US Olympic Committee (USOC) officials have full confidence in the food being supplied for the Beijing Olympics and will have their athletes follow the same meal plan they've used for the past two Games.
"We have absolutely no concerns about the quality and safety of the foo
d that will be served in the village," committee spokesman Darryl Seibel said.
"The food in the village will be outstanding, and that will be the primary dining venue for our athletes, as it is at every Games."
That means the majority of meals will be eaten at the Olympic athletes' village, where food is provided by the Beijing Organizing Committee for the Games of the XXIX Olympiad, which has a contract with Philadelphia-based food-service provider Aramark.
The USOC will ship in some food for meals for its high-performance center at Beijing Normal University, but will also source some food from local suppliers.
Seibel said the majority of meals served at the university will go to support personnel who don't have access to the athletes' village.
Miliband speaks out
British Foreign Secretary David Miliband on Saturday also reiterated his opposition to a boycott of the Beijing Games.
"I do not support an Olympic boycott. I do support engagement with China on the need to work together internationally to nurture the potential gains of globalization," Miliband said before a six-day visit to China.
"China depends on that cooperation; so do we," Miliband wrote. Beijing will host the 29th Summer Olympics in August.
Miliband's visit to Hong Kong, Shanghai, Chongqing and Beijing began yesterday.
"My aims are simple: to try to understand the country better, to compare notes on the challenges of equality, security and sustainability in our two countries, and to forge relationships that foster Anglo-Chinese cooperation at an international level in the pursuit of shared goals," he said.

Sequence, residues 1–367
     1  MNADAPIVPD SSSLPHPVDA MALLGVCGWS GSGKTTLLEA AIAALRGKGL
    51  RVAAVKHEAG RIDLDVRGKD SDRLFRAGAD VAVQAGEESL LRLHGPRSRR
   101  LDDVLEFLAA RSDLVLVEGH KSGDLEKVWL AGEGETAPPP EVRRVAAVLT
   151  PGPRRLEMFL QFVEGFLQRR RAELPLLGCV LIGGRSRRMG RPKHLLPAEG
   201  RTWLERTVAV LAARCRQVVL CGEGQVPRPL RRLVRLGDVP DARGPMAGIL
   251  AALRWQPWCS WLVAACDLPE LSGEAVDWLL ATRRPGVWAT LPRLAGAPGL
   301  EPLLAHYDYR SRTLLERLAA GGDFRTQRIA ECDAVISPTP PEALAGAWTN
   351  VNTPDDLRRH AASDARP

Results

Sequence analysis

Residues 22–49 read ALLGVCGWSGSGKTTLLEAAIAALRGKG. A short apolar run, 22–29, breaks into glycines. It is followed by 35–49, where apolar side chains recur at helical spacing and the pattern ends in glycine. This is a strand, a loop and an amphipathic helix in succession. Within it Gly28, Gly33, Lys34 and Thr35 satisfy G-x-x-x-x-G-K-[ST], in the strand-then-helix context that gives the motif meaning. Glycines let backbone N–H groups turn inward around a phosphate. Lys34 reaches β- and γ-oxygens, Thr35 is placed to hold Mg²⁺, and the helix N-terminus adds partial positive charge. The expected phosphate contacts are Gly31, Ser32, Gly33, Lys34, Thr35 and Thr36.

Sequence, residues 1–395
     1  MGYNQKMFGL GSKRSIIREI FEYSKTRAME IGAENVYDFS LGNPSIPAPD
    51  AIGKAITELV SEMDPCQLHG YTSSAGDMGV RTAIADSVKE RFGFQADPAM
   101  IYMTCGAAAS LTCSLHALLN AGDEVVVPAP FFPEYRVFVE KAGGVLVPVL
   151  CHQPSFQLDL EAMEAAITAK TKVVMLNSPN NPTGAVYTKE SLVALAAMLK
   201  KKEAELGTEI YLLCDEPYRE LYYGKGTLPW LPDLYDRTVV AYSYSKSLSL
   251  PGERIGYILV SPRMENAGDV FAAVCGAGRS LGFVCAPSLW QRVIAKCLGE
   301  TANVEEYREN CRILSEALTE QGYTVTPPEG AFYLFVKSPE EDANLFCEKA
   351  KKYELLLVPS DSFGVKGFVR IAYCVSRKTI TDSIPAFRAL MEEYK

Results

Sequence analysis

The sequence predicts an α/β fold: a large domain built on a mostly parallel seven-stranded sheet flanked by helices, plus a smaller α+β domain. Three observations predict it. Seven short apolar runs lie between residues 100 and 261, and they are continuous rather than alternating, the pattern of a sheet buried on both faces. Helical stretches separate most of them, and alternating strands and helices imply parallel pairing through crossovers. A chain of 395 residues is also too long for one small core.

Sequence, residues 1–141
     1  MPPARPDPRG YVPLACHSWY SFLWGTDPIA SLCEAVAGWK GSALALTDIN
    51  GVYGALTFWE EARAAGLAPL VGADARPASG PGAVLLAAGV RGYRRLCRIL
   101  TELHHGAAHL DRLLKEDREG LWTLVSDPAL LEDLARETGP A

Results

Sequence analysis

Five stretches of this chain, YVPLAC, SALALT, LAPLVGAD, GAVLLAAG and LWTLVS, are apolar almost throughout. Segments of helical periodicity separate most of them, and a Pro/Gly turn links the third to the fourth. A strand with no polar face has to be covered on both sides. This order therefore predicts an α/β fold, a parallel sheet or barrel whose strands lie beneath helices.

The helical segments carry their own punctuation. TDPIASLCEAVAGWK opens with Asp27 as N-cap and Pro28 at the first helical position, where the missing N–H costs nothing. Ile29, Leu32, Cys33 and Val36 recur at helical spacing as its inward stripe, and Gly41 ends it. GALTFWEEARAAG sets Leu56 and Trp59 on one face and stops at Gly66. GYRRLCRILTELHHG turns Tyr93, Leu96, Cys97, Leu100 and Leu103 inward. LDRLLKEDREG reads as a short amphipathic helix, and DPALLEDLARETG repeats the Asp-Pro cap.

The British foreign secretary already made clear his position last week.
"Everything we have seen and read suggests that preparations are proceeding in an excellent way. We very much look forward to a very successful Olympics - successful for China and successful for the world," Miliband told Chinese reporters in London on Wednesday.
Miliband's comments echoed the attitude of many athletes who are refusing to boycott the Olympics.
"Athletes have one chance every four years to compete at the Olympics and they should be allowed to do that," Former Olympic champion Linford Christie, who won gold in the 100 m event at the 1992 Barcelona Games, said.
Christie criticized those calling for a boycott of the Beijing Games as "very hypocritical", saying they "condemn China but all use Chinese electrical goods".
Meanwhile, According to the Guardian/ICM poll published on Friday, 72 percent of those surveyed agreed the British team should attend the Games in Beijing.
The ICM polled a random sample of 1,003 adults aged over 18 from around Britain.